Leading up to its earnings report on Thursday,
is surfing a wave of high expectations.
Despite its heft -- with some $80 billion in annual revenues, it's by far the biggest player in techland -- Big Blue offered one of the best growth outlooks in the business for the fourth quarter, and plenty of analysts think it can pull out an upside surprise on top of that.
Though the stock has soared 60% since bottoming in October, Wall Street seems to be betting it will climb higher. But there are notes of skepticism evident, with some investors wondering if IBM will be able to satisfy all the high expectations when it gives guidance.
Still, on the fourth quarter, analysts are upbeat across the board, predicting strong results in IBM's hardware, software and services lines. As a potential bonus, some expect IBM's chip business to finally turn a profit, removing what had been a drag on earnings in prior quarters.
"Share gains in a difficult environment aided hardware sales
we even heard PCs did well, and we think software recovered somewhat from a disappointing 3Q to aid the top line," predicted a note from Merrill Lynch, raising the possibility that IBM will beat earnings by a few cents.
The consensus estimate suggests IBM can pull off a 17% gain in revenues, including sales from its PwC unit, just a notch above company guidance last October for 16% growth. Revenue for the fourth quarter is expected to reach $23.2 billion with earnings per share of $1.30.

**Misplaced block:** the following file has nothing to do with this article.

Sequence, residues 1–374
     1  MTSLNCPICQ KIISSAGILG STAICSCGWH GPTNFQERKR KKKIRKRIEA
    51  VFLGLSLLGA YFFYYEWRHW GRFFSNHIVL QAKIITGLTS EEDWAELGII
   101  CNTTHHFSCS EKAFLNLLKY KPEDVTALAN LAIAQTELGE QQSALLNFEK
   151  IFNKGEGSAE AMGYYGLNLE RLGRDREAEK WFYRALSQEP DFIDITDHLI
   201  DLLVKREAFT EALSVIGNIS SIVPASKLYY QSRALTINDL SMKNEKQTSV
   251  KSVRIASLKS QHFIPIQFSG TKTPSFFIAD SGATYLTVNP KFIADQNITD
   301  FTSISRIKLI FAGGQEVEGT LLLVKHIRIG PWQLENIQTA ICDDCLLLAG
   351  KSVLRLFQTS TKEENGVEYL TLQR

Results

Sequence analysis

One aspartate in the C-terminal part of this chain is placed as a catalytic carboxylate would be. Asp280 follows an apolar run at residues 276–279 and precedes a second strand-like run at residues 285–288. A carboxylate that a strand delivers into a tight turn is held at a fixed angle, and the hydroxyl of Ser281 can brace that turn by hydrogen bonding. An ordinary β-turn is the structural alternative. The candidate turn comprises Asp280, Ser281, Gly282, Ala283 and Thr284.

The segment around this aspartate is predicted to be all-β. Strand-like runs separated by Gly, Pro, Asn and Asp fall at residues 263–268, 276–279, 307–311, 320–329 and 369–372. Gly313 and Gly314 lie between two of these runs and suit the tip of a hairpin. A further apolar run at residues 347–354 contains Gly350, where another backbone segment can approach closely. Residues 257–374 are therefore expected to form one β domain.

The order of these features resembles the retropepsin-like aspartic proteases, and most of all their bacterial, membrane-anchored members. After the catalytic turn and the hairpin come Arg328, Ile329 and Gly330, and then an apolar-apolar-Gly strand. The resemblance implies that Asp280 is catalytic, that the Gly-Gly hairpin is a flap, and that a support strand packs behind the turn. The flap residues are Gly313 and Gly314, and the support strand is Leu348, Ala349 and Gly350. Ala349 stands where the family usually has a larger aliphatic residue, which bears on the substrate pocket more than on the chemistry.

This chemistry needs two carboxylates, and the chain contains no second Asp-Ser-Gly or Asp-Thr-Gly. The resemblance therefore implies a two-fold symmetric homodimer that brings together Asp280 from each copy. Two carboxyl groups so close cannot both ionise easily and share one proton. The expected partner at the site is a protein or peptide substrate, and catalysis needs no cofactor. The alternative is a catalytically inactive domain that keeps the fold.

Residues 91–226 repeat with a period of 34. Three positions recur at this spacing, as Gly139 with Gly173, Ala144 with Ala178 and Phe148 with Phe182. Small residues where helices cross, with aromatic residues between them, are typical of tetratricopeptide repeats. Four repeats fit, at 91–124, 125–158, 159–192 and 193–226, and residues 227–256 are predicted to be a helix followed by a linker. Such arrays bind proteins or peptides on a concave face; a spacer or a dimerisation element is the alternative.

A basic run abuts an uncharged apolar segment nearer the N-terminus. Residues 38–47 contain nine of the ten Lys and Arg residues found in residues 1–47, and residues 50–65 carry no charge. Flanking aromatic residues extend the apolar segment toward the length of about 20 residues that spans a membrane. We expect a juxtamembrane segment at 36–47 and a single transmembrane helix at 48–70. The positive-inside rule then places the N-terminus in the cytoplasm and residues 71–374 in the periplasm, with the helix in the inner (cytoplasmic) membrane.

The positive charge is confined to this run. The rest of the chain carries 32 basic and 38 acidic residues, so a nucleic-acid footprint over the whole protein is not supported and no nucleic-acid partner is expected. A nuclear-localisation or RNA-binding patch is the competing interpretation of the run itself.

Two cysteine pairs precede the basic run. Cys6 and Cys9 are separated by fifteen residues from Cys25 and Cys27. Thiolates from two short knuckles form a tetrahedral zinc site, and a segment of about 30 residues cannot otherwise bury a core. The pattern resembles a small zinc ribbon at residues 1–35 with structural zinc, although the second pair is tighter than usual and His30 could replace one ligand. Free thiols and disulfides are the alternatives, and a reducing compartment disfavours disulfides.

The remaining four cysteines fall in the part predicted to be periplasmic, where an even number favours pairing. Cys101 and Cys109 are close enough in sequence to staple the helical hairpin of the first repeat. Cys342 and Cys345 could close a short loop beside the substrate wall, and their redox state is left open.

Both Lynch and UBS Warburg expect services bookings in the $16 billion range, which would mark a huge jump from last quarter's disappointing $9 billion. There's reason to be hopeful: Over the past quarter, IBM has touted deals amounting to some $8.5 billion with J.P. Morgan and Deutsche Bank, among others, and analysts expect an equal number of deals haven't been made public.
UBS Warburg's Don Young predicts IBM will beat the consensus estimate of $1.30 a share by 5 cents to 10 cents on stronger-than-expected hardware sales.
"IBM remains one of our favorites in this 'technology winter' and we believe this is the best positioned of all tech players with its predominantly annuity-like financial model," he said in a note. UBS Warburg has done recent banking for IBM.
But following what looks to be a robust fourth quarter, analysts are gearing for a seasonal drop-off in business in the first quarter. IBM's sales are expected to slide about 15% in the quarter under way, according to Thomson Financial/First Call.
Even that outlook may be too optimistic, says Patrick Adams, manager of the
Choice Long-Short fund. "IBM may be vulnerable to guidance down in the first quarter," he says. But while Adams doesn't hold the stock, neither is he shorting it. "My feel is that the stock's not quite expensive enough. The tape still has a positive feel," he says.
The stock has climbed 13% in just the first two weeks of 2003. IBM closed down 99 cents, or 1.1%, to $87.59 on Wednesday.